In 2018, the centennial of the 1918 influenza pandemic, the Sanger Series lectures explore the deadly pandemic, the valiant search for the virus that caused it and the ways it changed medicine and our world.
Pioneering virologist and alumnus Jeffery Taubenberger, Ph.D., considers lessons that can be learned from the 1918 influenz pandemic. He was the first scientist to sequence the genome of the influenza virus that caused the 1918 influenza pandemic. That scientific journey took him from the lab to the permafrost of Alaska. Today, as chief of the Viral Pathogenesis and Evolution Section, Laboratory of Infectious Diseases, National Institute of Allergy and Infectious Diseases, National Institutes of Health, he and his laboratory study a number of viruses, including influenza A viruses, which are the pathogens that cause yearly flu epidemics and have caused periodic pandemics, such as the 1968 outbreak that killed an estimated one million people. His research aims to inform public health strategies on several important aspects of flu: seasonal flu; avian flu, which circulates among birds and has infected humans in the past; swine flu, which circulates among pigs and has infected humans in the past; and pandemic flu, which can arise from numerous sources and spread quickly because humans have little to no immunity to it.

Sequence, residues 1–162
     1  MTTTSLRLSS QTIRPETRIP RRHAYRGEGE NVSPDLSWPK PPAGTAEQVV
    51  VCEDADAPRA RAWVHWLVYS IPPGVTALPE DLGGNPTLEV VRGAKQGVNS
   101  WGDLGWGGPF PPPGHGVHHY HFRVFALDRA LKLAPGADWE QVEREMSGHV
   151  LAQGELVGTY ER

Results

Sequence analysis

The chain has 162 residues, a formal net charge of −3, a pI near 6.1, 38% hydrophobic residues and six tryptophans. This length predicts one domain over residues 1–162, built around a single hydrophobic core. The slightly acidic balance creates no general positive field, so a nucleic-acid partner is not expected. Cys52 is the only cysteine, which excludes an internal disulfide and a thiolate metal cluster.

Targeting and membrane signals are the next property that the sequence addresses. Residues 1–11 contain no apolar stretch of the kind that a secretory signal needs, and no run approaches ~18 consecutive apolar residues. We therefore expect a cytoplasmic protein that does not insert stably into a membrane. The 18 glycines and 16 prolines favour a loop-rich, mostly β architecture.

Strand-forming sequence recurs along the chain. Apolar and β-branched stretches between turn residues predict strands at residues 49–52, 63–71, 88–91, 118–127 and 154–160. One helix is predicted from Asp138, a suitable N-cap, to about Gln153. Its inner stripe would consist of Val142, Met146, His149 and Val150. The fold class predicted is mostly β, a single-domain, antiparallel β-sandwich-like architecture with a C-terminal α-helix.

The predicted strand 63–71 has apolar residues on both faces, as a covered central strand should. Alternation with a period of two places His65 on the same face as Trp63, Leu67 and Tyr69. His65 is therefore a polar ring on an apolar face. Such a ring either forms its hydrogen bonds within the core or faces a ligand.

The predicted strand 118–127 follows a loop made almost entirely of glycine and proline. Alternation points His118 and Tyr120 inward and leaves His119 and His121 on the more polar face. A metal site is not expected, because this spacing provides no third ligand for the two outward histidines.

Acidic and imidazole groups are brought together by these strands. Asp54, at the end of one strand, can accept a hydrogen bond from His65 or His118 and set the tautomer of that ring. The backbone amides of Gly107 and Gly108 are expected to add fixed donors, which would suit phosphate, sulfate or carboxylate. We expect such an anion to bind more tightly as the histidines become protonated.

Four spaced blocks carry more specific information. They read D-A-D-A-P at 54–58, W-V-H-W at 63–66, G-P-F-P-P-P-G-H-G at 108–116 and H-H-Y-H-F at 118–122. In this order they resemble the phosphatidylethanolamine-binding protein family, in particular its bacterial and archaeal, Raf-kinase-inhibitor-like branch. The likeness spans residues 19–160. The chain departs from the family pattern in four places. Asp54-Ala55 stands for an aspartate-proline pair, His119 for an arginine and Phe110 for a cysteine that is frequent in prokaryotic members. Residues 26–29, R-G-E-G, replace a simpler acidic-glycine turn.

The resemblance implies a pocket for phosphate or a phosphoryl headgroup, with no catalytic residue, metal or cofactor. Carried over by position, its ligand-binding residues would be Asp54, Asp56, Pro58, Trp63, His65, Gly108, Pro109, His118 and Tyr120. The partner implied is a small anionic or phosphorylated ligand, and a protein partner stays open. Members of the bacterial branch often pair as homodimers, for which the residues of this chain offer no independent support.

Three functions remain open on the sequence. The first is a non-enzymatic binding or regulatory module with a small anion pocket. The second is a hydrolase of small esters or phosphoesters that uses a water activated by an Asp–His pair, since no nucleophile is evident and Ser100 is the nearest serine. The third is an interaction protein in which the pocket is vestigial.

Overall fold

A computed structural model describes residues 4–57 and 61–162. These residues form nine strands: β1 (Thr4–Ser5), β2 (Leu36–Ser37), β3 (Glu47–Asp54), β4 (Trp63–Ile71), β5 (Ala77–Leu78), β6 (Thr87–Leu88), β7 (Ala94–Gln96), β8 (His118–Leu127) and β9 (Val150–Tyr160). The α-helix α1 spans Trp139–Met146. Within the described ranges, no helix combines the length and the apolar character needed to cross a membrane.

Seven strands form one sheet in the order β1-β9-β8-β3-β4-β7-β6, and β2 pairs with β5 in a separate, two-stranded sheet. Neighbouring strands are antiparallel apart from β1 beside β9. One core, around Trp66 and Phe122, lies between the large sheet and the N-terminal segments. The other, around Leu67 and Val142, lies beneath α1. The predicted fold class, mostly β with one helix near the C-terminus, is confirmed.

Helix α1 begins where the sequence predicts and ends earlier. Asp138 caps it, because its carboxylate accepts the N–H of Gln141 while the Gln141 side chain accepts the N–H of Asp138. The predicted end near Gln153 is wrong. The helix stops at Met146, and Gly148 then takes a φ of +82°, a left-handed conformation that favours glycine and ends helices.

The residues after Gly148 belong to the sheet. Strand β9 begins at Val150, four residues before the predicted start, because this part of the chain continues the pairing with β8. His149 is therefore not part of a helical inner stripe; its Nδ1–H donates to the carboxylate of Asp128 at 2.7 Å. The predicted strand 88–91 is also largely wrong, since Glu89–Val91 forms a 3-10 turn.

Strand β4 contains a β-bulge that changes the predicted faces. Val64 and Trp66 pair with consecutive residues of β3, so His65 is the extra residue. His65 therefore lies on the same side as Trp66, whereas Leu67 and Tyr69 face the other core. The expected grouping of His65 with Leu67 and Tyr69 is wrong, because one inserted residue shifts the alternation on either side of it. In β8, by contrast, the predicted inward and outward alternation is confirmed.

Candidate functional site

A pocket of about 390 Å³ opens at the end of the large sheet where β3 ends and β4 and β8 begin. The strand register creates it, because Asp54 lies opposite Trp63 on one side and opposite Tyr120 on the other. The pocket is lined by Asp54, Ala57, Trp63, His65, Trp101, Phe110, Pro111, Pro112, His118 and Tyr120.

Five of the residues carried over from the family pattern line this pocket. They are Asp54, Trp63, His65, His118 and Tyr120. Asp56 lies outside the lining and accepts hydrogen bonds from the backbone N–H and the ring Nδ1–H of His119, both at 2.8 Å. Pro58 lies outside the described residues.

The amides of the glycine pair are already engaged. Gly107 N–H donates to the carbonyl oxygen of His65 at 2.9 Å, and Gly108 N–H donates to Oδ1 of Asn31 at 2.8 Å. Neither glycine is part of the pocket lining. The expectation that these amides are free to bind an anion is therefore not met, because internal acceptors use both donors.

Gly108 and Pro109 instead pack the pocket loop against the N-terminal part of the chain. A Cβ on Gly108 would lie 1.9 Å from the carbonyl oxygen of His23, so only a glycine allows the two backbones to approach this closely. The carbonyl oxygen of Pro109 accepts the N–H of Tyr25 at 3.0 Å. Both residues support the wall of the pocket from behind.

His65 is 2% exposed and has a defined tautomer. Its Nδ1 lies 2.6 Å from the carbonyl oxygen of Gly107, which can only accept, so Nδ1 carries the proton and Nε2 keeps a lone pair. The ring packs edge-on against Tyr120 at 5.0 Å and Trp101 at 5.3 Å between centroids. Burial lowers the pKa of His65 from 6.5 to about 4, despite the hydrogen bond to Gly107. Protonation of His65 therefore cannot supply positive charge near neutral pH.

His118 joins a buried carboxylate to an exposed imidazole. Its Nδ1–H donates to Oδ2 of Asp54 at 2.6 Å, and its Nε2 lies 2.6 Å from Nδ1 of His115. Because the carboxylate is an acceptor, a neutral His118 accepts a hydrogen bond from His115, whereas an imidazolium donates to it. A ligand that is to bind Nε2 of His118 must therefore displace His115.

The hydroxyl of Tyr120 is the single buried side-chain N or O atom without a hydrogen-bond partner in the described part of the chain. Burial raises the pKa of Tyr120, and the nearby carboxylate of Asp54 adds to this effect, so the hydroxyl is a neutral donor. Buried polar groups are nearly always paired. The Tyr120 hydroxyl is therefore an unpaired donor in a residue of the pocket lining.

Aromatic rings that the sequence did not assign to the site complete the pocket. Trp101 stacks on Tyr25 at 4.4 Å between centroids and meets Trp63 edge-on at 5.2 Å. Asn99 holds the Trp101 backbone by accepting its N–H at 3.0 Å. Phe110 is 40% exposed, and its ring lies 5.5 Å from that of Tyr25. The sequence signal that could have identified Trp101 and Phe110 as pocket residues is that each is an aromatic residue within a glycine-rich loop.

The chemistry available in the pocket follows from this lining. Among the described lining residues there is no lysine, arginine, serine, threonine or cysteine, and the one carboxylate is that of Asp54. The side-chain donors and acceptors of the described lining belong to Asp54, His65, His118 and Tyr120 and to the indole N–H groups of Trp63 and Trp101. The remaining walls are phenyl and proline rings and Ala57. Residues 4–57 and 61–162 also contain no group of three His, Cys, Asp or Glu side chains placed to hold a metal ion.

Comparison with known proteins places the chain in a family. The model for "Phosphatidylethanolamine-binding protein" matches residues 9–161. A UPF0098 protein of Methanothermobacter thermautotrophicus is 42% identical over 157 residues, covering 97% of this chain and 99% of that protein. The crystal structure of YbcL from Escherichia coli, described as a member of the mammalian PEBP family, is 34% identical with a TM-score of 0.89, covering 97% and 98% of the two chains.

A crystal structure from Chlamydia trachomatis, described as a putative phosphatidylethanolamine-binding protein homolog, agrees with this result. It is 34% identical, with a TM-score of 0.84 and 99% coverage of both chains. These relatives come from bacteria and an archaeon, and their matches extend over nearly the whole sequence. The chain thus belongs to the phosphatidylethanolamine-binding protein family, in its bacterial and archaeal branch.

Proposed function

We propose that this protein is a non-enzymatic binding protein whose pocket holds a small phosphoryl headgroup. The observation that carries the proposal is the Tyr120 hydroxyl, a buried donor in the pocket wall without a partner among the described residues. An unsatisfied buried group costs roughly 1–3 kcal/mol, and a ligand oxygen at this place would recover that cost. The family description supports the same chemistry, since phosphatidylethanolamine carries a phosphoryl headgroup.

The event is free and open to all, but please register. Parking is available for a fee in the 8th Street parking deck. For special accommodations, or to register offline, please contact the VCU Libraries Events Office at (804) 828-0593.
About the Speaker
Jeffery Taubenberger, Ph.D., received a B.S. in biology from George Mason University in 1982. He earned his medical degree in 1986 and his Ph.D. in 1987, from the Medical College of Virginia. He completed a residency in pathology at the National Cancer Institute and holds dual board certifications in anatomic pathology and in molecular genetic pathology from the American Board of Pathology and the American Board of Medical Genetics. Prior to coming to the National Institute of Allergy and Infectious Diseases in 2006, he served as chair of the Department of Molecular Pathology at the Armed Forces Institute of Pathology in Washington, D.C. His research interests include influenza virus biology, evolution, pathophysiology and surveillance. He also has clinical interests in the development and implementation of molecular diagnostic assays for neoplasia and infectious diseases.
VCU Libraries and the VCU Office of Research and Innovation present this Sanger Series lecture.
Image: Jeffery Taubenberger photo, courtesy of Jeffery Taubenberger/Red Cross nurse from a 1918 poster about avoiding the flu, courtesy of U.S. National Library of Medicine, poster design by Jeff Bland